As MLB pitchers Sean Newcomb and Josh Hader face up to racist, sexist and homophobic tweets they sent as teenagers, publicist Lauren Walsh recalls how she dealt with a football player who had offensive Facebook posts years before he prepared for the NFL draft.
She went through his whole social media history, taking down any posts that even raised an eyebrow.
Scrubbing tweets, Instagram posts and other comments, captions and status updates has grown into a top priority for LW Branding, Walsh’s company that has helped 40 NFL athletes with image control in the past 3½ years.
Any client that we take on, that’s generally the first step we do in the process,” Walsh said. “This can take someone down in an instant. All it takes is one tweet. Now, he’s going to be known for this. This is what people are talking about.”
Newcomb of the Atlanta Braves is just the latest high-profile athlete to burn himself with reckless posts from years past. The 25-year-old nearly threw a no-hitter against the Dodgers on Sunday — a career defining moment that took a turn when he called reporters back into the clubhouse to apologize for offensive tweets sent in 2011 and 2012, when he was 18.
Hader, who pitches for the Milwaukee Brewers, is still in apology mode after tweets from his past surfaced during the All-Star Game this month. He was given a standing ovation in his first game back in Milwaukee, then booed when the Brewers made their first roadtrip of the second half of the season in San Francisco.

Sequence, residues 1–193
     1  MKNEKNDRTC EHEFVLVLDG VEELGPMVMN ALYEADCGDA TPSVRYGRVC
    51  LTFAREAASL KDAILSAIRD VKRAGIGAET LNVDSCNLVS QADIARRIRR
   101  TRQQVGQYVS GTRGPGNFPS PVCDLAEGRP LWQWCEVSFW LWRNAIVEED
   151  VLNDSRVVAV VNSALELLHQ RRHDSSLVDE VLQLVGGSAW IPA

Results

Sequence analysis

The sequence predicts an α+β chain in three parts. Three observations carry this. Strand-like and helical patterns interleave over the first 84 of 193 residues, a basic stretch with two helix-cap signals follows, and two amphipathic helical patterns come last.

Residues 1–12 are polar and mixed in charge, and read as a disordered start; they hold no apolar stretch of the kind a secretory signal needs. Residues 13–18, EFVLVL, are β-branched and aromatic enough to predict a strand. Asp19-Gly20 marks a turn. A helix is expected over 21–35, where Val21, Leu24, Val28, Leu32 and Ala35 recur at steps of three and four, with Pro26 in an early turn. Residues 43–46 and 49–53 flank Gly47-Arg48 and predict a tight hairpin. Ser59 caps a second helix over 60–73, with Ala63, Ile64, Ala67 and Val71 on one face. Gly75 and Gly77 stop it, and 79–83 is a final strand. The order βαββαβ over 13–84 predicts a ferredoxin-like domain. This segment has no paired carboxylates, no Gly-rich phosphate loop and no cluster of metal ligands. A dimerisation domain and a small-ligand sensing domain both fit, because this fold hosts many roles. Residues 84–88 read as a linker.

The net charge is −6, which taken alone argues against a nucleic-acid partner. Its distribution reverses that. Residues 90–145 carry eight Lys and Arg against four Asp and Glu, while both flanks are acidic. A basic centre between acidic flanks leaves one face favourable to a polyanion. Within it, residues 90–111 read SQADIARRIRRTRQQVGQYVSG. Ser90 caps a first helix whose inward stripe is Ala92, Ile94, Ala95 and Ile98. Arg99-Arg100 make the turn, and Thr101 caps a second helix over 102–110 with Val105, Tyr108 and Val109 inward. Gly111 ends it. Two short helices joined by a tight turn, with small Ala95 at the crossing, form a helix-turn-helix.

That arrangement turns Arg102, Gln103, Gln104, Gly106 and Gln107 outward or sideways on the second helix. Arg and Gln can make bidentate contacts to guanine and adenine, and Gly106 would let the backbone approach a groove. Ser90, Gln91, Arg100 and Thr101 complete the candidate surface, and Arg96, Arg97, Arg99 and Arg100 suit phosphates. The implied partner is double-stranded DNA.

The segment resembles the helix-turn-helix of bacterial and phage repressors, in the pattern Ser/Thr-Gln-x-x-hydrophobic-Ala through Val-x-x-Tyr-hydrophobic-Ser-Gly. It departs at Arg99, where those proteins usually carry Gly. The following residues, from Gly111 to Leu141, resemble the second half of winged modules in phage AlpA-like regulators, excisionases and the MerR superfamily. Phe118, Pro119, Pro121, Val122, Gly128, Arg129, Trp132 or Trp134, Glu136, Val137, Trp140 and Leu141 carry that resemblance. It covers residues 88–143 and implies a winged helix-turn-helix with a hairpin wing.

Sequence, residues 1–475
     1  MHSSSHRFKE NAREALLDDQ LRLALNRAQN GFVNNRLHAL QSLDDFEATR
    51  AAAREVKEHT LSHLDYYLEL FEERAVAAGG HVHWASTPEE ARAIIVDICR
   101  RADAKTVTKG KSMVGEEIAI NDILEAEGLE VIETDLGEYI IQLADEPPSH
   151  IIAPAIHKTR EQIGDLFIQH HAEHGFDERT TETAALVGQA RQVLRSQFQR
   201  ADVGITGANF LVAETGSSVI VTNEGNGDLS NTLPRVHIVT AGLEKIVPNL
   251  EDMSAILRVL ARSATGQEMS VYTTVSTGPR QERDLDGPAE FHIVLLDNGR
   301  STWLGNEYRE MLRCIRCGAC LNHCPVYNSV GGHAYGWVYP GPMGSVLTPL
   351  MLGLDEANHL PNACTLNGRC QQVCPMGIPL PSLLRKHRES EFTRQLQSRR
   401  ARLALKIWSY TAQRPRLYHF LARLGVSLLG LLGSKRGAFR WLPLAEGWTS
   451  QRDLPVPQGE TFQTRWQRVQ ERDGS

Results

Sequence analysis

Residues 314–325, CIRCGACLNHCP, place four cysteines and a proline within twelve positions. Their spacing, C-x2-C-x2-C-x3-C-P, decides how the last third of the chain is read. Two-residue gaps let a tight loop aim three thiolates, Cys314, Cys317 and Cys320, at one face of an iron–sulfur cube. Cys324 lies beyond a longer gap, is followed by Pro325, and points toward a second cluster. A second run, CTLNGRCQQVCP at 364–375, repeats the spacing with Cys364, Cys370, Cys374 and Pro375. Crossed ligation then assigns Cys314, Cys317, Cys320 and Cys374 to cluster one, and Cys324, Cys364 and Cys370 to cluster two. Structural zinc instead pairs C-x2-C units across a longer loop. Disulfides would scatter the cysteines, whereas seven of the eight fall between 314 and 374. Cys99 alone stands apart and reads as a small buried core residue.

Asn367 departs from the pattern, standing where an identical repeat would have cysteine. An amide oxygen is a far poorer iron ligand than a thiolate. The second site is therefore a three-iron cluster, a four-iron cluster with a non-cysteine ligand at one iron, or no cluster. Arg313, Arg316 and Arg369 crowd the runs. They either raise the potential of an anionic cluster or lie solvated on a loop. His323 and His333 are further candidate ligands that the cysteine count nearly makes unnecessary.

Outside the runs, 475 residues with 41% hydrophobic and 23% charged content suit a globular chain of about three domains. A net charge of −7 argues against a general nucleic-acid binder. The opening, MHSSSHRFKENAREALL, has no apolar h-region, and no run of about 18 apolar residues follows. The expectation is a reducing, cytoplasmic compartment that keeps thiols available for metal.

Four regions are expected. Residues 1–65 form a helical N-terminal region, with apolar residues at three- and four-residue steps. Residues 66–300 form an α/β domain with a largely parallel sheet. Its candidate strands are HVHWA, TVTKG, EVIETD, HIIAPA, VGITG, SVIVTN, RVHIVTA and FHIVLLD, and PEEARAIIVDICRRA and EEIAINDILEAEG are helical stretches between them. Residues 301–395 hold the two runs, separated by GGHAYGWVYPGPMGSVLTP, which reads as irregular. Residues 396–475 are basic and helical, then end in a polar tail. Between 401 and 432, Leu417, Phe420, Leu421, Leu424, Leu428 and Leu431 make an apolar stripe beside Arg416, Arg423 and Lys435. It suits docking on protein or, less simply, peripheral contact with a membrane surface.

The trend touches many young athletes, with millions of posts from thousands of players who’ve been online since they were kids.
Former Wyoming quarterback Josh Allen apologized for a series of offensive tweets he sent while in high school that were revealed right before the NFL draft, when the Buffalo Bills selected him seventh overall. As Villanova’s Donte DiVincenzo was celebrating being named most outstanding player of the Final Four, some of his old tweets that included racially insensitive and homophobic comments made headlines.
“This stuff happens all the time and it happens when they get their shining moment,” Walsh said. “So I wasn’t I was surprised at all also because hey, when all of us were 17, we weren’t thinking about where we were going to be in our lives seven years down the road.”
But athletes should start thinking about the bigger picture, as damage from slip-ups can be critical to coaches and executives, Walsh said.
The mistakes by Hader and Newcomb will be discussed by athletic departments, professional teams, agents and handlers looking to protect themselves and their players. As higher-ups grow more aware of the damage social media mishaps can cause, vetting could become more rigid as a key part of evaluating a multimillion-dollar investment.
“In light of recent events, that’s definitely something our staff will discuss to potentially eliminate the chance of a negative situation that puts a student-athlete in a bad light,” said Creighton spokesman Rob Anderson, who said he doesn’t know of any staffer going through a player’s entire social media history.
Varsity Monitor keeps up with social media and offers education programs for 15 Division I schools, including North Carolina, Texas and Florida. Chief executive Joe Purvis said business is at an all-time high since 2010, with sales doubling in the past year.